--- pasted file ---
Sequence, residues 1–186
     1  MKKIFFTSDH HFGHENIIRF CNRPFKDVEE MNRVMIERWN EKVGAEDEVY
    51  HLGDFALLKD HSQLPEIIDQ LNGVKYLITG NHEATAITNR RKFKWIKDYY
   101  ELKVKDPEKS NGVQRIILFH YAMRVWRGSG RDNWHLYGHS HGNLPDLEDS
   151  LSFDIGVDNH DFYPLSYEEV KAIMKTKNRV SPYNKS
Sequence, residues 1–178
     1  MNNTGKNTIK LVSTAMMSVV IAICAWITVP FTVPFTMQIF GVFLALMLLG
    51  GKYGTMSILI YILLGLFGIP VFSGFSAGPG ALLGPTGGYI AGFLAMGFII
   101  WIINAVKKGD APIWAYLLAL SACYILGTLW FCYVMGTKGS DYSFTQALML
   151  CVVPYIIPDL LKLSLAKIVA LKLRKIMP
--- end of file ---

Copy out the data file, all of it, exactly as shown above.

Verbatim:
Sequence, residues 1–186
     1  MKKIFFTSDH HFGHENIIRF CNRPFKDVEE MNRVMIERWN EKVGAEDEVY
    51  HLGDFALLKD HSQLPEIIDQ LNGVKYLITG NHEATAITNR RKFKWIKDYY
   101  ELKVKDPEKS NGVQRIILFH YAMRVWRGSG RDNWHLYGHS HGNLPDLEDS
   151  LSFDIGVDNH DFYPLSYEEV KAIMKTKNRV SPYNKS
Sequence, residues 1–178
     1  MNNTGKNTIK LVSTAMMSVV IAICAWITVP FTVPFTMQIF GVFLALMLLG
    51  GKYGTMSILI YILLGLFGIP VFSGFSAGPG ALLGPTGGYI AGFLAMGFII
   101  WIINAVKKGD APIWAYLLAL SACYILGTLW FCYVMGTKGS DYSFTQALML
   151  CVVPYIIPDL LKLSLAKIVA LKLRKIMP